Creationist Wisdom #1,073: Ultimate Proof

Today’s letter-to-the-editor — it’s a column, actually — appears in the Summit Daily News of Frisco, Colorado. The column is titled Walking Our Faith: Proof of God, and the newspaper doesn’t have a comments feature.

Unless the letter-writer is a politician, preacher, or other public figure, we won’t embarrass or promote her by using her full name — but today we have an exception. The author is Suzanne Elizabeth Anderson, described at the end as the author of 10 novels and nonfiction books on faith, and her column appears every Saturday in the Summit Daily News. She certainly qualifies for full name treatment. We’ll give you some excerpts from her column, some bold font for emphasis, and occasional Curmudgeonly interjections that look [like this]. Okay, here we go:

I discovered proof of God [Gasp!] on Wednesday afternoon in the tree branch shadows cast across the snow and frozen stream where I had stopped on the side of the road to let Kiki catch her breath and Bear investigate the smells of other animals. Kiki and Bear are my elderly adopted Newfoundland dogs. Our walks meander.

Wowie! That just might be the most stunning opening paragraph we’ve ever seen. After that she says:

My Lenten journey is only a few weeks old, but already my days have been filled with prayers of all sorts, communal and private. Rosaries recited, scriptures pondered, psalms prayed aloud and centering prayer in silence. Prayers said in the dark as I drift off to sleep and said again at 6 a.m. as the light begins to create an outline of mountain peaks outside my window.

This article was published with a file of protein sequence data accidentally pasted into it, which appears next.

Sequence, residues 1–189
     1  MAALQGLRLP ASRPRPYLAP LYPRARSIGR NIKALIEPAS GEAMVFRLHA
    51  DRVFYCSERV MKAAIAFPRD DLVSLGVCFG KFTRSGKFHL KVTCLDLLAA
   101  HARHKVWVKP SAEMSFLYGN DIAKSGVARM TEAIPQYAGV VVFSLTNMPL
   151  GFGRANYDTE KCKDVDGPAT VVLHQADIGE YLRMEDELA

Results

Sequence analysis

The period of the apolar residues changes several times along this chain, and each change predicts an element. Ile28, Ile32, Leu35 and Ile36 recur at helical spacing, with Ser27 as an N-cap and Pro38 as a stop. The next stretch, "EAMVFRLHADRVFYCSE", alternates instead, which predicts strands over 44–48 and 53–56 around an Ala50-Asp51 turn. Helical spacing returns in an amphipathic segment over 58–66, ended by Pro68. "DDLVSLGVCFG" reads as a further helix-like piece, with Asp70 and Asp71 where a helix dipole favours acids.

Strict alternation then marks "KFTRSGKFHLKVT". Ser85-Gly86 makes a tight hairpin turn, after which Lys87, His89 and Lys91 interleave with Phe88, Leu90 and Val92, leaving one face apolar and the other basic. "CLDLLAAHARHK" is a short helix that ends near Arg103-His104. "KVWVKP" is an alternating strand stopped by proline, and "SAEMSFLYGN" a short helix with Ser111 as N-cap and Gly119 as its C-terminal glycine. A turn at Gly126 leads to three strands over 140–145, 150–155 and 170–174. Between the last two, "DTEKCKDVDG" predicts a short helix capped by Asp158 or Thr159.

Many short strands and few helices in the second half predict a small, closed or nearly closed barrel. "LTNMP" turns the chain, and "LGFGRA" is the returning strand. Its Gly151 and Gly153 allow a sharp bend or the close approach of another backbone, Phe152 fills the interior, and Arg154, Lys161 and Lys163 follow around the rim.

Okay, okay! We’re convinced that Suzie had an amazing experience. But what was it? She tells us:

I’ve been thinking how grateful I am for this Lenten journey, which focuses my attention on what I believe and why I believe and calls me to follow its path into the woods not certain of where it will lead but only of how much more I must learn.

What happened? She continues:

But there it was on the snow-covered ground among the shadows cast by brambles and a frozen stream, which in this warm snap might struggle to wake from its winter slumber only to be buried by the return of winter. In this confluence of seasons and nature and light and shadow, there was God.

What? She saw Yahweh? Let’s read on:

There was the most compelling proof for God’s existence. Not only for God’s existence, but for the very reason why we are compelled to pray. What I saw in that little winter nook was beauty.

Come on, Suzie — you can do better than that! Okay, here’s more:

We can argue all day long about figurative and literal creation stories and theories of evolution and life on other planets and whether all this scientific knowledge confirms or just disproves the existence of God. But I don’t need scientific proof or the measurement of the speed of sound and light when I have silence and light among the shadows of a winter afternoon.

We’re starting to suspect that she’s not going to give us anything else. Maybe we’re wrong. Here’s one last excerpt:

There will be philosophers who construct logic equations to express my thoughts with greater erudition, poets who form my words with greater eloquence, artists who paint the interplay of light and shadow with greater delicacy. But sophistication is not required of my soul to recognize its creator.

All right, all right — that’s enough! We’re outta here!